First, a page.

Again, a lot can happen in five weeks. And, even if agreement could be reached on who is most likely to win, that degree of cooperation is highly likely to lead to the Electoral Commission treating all those parties as one party for compliance purposes around the treatment and reporting of election expenditure – it can all get very messy.
As a pluralist who thinks tribalism is overrated, I can see the attraction in the argument for a pro-EU coalition of the sort argued for, but no one has been able to explain to me how these practical hurdles can be overcome. That is because they can’t be.
Change UK-TIG is already composed of MPs from the centre-left social democratic and centre-right One Nation political traditions, who left both Labour and Conservative parties to build something new. Of the 3,700 applicants to stand as our MEP candidates, 895 were former Labour Party activists, 105 former Liberal Democrats and 92 ex-Greens as well as prominent former Tories, including former ministers, MPs, MEPs and councillors.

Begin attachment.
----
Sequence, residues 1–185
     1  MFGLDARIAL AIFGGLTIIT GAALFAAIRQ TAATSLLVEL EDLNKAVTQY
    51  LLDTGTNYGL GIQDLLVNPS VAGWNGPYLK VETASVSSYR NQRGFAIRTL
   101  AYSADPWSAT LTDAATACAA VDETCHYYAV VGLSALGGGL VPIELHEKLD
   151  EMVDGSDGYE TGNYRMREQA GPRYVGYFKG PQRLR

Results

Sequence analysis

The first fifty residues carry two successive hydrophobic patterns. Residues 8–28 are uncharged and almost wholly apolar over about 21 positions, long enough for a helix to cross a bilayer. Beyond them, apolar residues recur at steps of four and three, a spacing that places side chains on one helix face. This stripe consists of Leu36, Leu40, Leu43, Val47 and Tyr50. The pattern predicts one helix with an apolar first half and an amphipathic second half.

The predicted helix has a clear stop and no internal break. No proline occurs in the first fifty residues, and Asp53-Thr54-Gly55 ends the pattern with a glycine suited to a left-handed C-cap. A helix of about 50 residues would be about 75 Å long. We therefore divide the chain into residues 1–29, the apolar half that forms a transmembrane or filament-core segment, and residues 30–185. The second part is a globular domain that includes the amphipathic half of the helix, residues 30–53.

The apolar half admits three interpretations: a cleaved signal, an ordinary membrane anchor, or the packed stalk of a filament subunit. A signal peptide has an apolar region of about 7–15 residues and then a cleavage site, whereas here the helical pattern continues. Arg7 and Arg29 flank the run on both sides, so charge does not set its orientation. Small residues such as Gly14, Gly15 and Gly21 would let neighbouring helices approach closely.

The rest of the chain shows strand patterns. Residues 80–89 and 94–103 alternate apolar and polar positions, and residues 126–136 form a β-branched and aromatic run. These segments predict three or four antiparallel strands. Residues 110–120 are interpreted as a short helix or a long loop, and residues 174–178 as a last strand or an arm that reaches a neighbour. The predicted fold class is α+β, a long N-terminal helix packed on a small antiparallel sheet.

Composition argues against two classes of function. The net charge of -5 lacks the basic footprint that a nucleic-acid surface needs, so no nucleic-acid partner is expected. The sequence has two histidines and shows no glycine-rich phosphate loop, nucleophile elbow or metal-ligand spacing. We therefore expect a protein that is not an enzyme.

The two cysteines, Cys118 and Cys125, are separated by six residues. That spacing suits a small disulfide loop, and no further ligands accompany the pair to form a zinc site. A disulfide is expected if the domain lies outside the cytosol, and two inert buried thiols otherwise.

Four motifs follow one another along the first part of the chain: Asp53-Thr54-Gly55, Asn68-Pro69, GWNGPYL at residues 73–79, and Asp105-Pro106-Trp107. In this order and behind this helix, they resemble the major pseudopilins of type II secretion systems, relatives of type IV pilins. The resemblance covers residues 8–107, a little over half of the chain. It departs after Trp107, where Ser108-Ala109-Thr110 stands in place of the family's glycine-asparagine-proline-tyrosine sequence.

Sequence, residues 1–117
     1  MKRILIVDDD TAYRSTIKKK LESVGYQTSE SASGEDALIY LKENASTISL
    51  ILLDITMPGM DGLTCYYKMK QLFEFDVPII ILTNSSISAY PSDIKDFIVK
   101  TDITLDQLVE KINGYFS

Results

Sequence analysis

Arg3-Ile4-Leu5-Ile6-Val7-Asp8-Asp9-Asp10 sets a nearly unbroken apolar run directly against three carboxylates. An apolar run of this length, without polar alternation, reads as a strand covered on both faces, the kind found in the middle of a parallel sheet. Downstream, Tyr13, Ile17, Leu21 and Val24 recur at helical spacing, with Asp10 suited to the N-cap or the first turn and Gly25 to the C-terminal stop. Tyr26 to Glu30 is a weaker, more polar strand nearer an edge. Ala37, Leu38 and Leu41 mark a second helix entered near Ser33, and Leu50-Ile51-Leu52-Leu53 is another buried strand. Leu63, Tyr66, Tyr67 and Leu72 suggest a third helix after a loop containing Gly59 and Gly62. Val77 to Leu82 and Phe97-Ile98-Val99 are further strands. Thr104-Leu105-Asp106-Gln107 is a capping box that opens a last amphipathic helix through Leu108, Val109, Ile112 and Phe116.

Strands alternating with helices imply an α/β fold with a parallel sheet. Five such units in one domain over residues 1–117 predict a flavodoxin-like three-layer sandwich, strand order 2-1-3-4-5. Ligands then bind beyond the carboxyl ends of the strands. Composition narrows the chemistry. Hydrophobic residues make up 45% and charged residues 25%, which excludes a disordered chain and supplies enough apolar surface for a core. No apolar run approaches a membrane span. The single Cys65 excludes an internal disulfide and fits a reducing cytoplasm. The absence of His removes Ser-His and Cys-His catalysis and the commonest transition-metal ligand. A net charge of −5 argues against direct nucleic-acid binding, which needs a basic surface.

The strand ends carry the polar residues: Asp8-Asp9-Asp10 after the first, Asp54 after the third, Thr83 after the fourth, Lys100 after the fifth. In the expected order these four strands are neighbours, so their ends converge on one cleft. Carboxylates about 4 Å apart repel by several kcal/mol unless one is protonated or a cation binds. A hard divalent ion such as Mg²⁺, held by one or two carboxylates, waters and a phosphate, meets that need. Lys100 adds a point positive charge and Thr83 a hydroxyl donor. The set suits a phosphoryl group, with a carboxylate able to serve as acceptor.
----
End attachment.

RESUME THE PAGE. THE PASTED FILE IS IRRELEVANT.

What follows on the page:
A huge number who have put themselves forward as our MEP candidates, the list of whom we will unveil at the launch of our campaign tomorrow, are new to politics. None of the other parties can say the same or draw from different political traditions in this way. The truth is there is already a grassroots, Remain alliance – Change UK-TIG is it.
Escape to the coast: 2039
We just returned from a lovely short Easter break in Devon and Cornwall. When the weather is as it has been, it’s unbeatable.
It does involve a lot of driving from London, of course, but not once did I pick up a map to work out the route or ponder how long the trip would be, because Google Maps did all the work and the car kept the phone I was using it on fully charged.
When I was growing up we were constantly asking “are we there yet” and often had to help with the map reading on long road trips of this sort. How times have changed. It makes you wonder what we’ll be doing in 20 years’ time.
How soon will our trip to the coast be driverless and will we even be making that trip in a car?
Chuka Umunna is Independent Group MP for Streatham